Whether we like it or not, software engineering projects sometimes do go wrong. So much so that you need to try and determine what happened so that you can practice continual improvement.
My last statement sounds friendly, even Kaizen-like and suggests that this is a positive learning exercise. But hands up if you’ve attended a Retrospective, a Post-Implementation review or even a Post-Mortem exercise.
In my experience, these are negative events and are mostly likely aimed at looking for scapegoats. And this, in my opinion, has a direct impact on company culture.
So I tried to change the model and inject some fun by using an analogy stolen from religion and hold a “Confession” session. It was a better experience but in fact it still had a negative context (begging for forgiveness) and I also thought that I might be being a tad incentive to some people’s religious beliefs.
Luckily, I’ve been immersed in the world of Agile (Lean/KanBan/DevOps/CD) over the last few years and I attended a retrospective on one of my own programs; the roll-out of DevOps and it’s cultural impact on our teams. One of my direct reports is a Lean Coach and he wrote up the ground rules for the session and I tweeted the photo. It went viral and was one of my most loved and quoted tweets ever!!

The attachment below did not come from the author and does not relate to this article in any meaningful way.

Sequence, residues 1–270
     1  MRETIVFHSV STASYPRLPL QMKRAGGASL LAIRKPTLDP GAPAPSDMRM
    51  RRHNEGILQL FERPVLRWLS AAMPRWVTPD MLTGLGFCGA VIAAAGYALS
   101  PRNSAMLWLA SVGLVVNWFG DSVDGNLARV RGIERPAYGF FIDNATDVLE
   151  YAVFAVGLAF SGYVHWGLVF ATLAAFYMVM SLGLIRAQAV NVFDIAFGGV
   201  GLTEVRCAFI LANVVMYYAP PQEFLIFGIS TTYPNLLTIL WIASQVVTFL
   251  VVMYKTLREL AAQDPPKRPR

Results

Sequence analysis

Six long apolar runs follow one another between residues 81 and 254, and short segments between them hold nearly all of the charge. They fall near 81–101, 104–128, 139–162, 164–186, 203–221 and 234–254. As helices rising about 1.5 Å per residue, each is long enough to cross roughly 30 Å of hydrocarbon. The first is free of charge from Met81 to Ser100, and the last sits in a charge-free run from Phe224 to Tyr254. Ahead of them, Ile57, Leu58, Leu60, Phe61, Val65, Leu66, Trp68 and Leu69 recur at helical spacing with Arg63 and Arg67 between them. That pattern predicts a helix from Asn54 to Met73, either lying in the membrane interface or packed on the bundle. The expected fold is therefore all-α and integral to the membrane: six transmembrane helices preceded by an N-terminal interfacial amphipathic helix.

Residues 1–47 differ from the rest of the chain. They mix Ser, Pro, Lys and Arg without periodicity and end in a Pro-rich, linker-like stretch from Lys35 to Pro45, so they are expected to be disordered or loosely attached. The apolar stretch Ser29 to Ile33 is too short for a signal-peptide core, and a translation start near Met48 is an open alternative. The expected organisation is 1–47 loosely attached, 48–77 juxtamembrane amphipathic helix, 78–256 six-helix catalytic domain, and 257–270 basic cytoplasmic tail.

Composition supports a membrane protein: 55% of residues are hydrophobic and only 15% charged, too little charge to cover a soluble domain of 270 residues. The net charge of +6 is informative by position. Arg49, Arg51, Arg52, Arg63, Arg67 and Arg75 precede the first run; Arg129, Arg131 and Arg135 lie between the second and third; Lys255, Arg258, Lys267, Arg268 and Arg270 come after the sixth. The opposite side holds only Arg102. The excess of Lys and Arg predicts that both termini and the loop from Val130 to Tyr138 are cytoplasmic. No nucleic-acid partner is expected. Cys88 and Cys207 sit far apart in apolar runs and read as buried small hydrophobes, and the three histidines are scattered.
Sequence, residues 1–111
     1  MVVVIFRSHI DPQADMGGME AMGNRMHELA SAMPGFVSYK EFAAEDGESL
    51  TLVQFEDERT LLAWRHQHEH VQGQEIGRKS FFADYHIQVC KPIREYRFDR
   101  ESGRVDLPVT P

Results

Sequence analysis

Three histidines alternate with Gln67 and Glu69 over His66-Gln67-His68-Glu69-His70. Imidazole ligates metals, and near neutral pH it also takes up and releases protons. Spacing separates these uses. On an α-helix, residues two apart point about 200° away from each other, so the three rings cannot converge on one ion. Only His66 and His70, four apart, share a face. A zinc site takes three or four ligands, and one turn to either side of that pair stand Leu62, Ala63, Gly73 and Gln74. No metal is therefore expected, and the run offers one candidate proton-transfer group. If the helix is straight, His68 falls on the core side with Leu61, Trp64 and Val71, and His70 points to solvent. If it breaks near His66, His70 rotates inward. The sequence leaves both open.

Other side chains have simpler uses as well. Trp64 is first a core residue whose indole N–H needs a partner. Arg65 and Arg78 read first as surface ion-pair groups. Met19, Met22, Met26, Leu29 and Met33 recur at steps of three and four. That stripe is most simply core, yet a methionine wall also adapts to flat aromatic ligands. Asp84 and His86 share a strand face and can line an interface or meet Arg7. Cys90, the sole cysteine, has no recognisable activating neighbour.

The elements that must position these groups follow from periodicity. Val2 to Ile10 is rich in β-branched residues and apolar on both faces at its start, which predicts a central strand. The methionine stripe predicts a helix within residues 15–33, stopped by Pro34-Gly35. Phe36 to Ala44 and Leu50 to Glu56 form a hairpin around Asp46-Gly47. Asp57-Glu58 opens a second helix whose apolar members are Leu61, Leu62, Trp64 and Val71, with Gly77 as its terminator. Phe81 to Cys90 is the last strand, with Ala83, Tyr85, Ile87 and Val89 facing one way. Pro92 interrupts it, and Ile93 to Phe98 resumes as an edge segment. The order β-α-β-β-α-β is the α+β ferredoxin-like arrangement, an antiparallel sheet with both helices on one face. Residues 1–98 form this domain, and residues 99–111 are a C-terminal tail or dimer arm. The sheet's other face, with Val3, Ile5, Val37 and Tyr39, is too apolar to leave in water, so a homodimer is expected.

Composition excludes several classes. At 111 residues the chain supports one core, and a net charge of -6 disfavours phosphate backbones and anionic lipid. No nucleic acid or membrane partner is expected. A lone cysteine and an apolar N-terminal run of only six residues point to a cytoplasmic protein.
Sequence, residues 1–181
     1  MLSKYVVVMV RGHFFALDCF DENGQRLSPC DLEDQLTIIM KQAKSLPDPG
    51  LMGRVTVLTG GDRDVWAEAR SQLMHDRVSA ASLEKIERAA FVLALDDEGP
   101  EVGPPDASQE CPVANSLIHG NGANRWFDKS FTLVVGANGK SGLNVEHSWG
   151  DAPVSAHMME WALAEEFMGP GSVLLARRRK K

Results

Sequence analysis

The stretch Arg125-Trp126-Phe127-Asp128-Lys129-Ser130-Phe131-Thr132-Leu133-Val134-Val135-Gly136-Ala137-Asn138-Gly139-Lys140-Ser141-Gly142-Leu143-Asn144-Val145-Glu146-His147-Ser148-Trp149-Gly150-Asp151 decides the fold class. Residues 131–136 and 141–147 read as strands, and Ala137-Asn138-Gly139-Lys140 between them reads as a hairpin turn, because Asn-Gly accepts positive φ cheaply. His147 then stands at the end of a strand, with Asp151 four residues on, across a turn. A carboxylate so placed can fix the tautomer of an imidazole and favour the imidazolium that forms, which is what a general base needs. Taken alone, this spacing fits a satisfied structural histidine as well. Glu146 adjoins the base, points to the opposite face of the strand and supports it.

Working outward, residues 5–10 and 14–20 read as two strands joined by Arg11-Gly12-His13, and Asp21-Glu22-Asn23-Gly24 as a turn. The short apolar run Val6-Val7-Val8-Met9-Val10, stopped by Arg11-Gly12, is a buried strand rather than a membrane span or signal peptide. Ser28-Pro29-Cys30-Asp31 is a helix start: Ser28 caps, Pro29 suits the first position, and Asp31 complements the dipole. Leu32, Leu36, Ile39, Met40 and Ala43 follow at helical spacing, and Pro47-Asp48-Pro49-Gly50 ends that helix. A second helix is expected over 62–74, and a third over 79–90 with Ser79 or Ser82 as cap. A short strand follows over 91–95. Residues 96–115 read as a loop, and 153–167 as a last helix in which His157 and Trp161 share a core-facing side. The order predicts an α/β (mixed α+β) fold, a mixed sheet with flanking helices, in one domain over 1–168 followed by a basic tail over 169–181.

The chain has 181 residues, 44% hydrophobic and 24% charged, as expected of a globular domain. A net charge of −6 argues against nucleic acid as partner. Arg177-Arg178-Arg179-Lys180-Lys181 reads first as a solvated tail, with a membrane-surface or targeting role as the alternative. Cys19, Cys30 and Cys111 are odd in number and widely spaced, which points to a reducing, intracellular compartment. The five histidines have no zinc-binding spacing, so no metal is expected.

The ground rules read:
“Regardless of what we discover, we understand and truly believe that everyone did the best job they could, given what they knew at the time, their skills and abilities, the resources available, and the situation at hand”.
The Retrospective Prime Directive was born 🙂
The session was a normal retrospective but the opening comments were really powerful for me. But just in case you’ve never used this technique, then here is what you do:
To facilitate a session, all you need is three topics written on post-it notes and stuck on a wall, targeted at what we should Stop Doing, Continue Doing and Start Doing.
The participants write on their thoughts and ideas on post-it notes and stick them on the wall within the broad grouping as pictured above.
After about 20 minutes, the facilitator weeds out the duplicates and then the group votes on the top three post-it’s in each section in order to debate them further and come up with actions to address them.
Then it’s a simple task for the facilitator to write up what we should stop, start or continue doing for future projects or initiatives and share the one-pager with the wider organisation.
It’s really that simple but the interaction amongst participants drives a sense of collaboration, the voting allows one to focus on the key issues and the output is simple enough to influence outcomes in the future.
Give it a try and you won’t be disappointed 🙂